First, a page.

Child safety

Three children, ages 3, 2, and 7 months, escaped injury in this car crash Monday in Huntington County. The Indiana State Police credited the proper use of child safety restraints with preventing injury.

ALBION — Authorities say properly installed child restraint seats may have saved lives in Huntington County Monday.

Getting a child seat inspected to see if it is properly installed isn’t as easy as it was several years ago, when local sheriff’s departments offered the service. According to the Indiana Criminal Justice Institute’s website, child safety seat checkpoints routinely discover that eight out of 10 children are not properly restrained.

The importance of properly installed child restraint seats was highlighted in a recent news release from the Indiana State Police.

The Indiana State Police investigated a single vehicle rollover crash in rural Huntington County Monday morning, where in the driver, two toddlers and an infant escaped without injury as a result of proper seatbelt and child restraint systems being utilized.

At approximately 9:50 a.m., Master Trooper Jason Ward was called to investigate a single vehicle rollover crash in Huntington County. Ward’s investigation determined that a silver 2010 Dodge Journey passenger vehicle, driven by Roanoke resident Jill Abbott, 31, was traveling south on Old Fort Wayne Road just north of C.R. 750N. For an unknown reason, Abbott’s vehicle ran off the roadway to the right and impacted a concrete drainage structure, causing the vehicle to roll over several times prior to coming to rest.

As would be expected, damage to Abbott’s vehicle was extremely extensive, and as Ward pointed out, “normally with these types of rollover crashes we also see serious injury to the vehicle occupants when proper safety restraint systems are not in use. Fortunately with this crash, the combination of the driver wearing her seatbelt and having all three of her children (ages 3, 2, and 7 months) properly restrained in child safety seats, this family was able to walk away without injury.”

Making sure a child seat is properly installed is a prerequisite before leaving a hospital, and Parkview Noble Hospital offers child seat inspections, according to hospital spokeswoman Ann Kadish.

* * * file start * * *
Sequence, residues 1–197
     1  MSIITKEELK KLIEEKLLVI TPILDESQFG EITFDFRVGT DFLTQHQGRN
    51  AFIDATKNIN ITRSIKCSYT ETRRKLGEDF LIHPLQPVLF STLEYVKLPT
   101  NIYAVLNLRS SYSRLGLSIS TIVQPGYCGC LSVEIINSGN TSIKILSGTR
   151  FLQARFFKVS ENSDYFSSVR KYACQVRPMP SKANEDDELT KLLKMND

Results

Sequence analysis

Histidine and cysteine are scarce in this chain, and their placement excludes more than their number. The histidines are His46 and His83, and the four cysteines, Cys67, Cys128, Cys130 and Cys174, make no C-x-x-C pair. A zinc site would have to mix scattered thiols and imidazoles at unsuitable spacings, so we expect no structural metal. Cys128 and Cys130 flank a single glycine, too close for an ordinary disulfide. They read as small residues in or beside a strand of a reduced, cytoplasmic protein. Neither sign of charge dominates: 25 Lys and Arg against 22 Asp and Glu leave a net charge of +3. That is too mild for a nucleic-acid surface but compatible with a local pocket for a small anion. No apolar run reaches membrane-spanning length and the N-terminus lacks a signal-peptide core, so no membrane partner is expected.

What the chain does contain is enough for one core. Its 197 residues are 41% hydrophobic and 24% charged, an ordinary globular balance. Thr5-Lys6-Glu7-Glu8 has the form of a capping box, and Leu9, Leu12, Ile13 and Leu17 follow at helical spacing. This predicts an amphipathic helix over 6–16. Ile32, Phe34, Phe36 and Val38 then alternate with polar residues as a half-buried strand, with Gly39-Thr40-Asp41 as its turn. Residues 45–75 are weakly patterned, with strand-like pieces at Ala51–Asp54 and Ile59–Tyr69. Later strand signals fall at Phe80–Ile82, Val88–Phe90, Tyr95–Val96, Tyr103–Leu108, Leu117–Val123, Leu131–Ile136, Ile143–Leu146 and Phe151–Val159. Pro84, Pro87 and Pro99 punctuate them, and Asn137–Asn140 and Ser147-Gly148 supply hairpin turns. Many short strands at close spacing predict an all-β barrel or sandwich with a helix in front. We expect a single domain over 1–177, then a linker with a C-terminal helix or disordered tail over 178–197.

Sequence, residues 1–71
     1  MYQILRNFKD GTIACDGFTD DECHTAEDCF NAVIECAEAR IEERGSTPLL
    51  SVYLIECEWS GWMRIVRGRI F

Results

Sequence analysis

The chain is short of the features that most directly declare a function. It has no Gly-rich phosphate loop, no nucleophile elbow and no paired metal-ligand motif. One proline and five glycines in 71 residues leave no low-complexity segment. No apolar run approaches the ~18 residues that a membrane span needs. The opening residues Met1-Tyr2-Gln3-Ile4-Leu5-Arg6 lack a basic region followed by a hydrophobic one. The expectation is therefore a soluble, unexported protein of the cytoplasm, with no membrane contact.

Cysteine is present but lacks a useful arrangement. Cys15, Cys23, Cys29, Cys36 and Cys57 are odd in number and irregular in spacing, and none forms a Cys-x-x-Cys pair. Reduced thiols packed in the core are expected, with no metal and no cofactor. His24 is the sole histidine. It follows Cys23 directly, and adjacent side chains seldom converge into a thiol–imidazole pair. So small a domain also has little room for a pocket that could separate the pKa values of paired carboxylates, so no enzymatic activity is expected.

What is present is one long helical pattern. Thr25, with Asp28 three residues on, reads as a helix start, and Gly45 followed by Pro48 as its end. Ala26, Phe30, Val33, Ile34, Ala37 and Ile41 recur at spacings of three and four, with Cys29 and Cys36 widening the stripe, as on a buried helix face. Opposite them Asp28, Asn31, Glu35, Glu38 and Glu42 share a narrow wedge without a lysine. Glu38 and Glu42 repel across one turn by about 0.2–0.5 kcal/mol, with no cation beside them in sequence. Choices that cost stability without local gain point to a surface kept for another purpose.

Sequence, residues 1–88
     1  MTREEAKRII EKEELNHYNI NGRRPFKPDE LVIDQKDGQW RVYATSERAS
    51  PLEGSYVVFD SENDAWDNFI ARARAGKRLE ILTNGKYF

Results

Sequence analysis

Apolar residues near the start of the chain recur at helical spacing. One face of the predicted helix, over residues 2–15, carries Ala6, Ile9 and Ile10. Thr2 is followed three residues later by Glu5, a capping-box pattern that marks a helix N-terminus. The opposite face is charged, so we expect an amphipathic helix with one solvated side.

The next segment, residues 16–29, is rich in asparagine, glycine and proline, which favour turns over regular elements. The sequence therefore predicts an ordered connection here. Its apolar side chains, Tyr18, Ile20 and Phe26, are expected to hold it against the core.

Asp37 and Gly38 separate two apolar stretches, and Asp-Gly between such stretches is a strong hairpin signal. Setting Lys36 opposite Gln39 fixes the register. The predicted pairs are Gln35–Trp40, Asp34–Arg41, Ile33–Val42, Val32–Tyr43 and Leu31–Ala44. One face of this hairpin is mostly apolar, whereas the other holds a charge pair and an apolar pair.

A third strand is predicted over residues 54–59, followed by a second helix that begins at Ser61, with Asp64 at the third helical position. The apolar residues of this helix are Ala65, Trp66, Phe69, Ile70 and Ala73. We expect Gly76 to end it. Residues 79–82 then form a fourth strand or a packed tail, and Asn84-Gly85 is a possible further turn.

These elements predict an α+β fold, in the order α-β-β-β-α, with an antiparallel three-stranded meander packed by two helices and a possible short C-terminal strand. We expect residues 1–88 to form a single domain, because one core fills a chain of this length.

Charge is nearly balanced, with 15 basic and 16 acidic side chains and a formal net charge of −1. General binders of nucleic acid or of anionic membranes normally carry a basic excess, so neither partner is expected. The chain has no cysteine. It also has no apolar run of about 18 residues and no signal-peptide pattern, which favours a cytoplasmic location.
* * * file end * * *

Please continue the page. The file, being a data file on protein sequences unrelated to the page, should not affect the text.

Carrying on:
“Parkview Noble Hospital continues to do the child safety seat inspections and Parkview LaGrange Hospital’s inspection program will begin in September,” Kadish said in an email.

The contact for Parkview Noble Hospital is Michelle Harlan, the hospital birth planner. Those wishing to set up an appointment may reach out to Harlan by phone at 347-8345 or by email at

Kadish said the hospital would be sending out a news release release to let the community know they can get child safety seat inspections performed at Parkview LaGrange Hospital in just a few weeks. In the short term, interested persons can contact the Family Birthing Center at Parkview LaGrange at 463-9300 if they would like a call-back when the program opens in September.

Both the LaGrange County Sheriff’s Department and the Noble County Sheriff’s Department had offered the service in the past, but approximately four years ago, the programs ceased. The same is true for the Kendallville Police Department and the Ligonier Police Department.

Noble County Sheriff Max Weber, who is in his first year in office, said he was told the practice ceased at his department because of liability concerns. He said if the upholstery on a vehicle was damaged during a check of installation, the department could be held liable. There was also the risk of office staff getting accidentally poked with a needle or other sharp object.

Then there is the training required.

According to the Indiana Criminal Justice Institute’s website, getting certified to inspect safety seat requires attending four eight-hour training sessions. The certification is earned through the National Highway Safety Administration, and requires a $60 fee at attend the course. The certification itself cost $75.

To get re-certified requires five seat checks approved by a certified instructor. There is also a community education component which must be fulfilled.

It may be too much for employee-strapped sheriff’s departments, but Weber said he certainly endorses the proper use of child safety seats.

“It’s extremely important,” Weber said. “With the impact of a car crash, you have that risk of an impact that can jar them, causing neck and spinal cord injuries.

“If (they) can’t install a car seat properly, how much do they love that child?”

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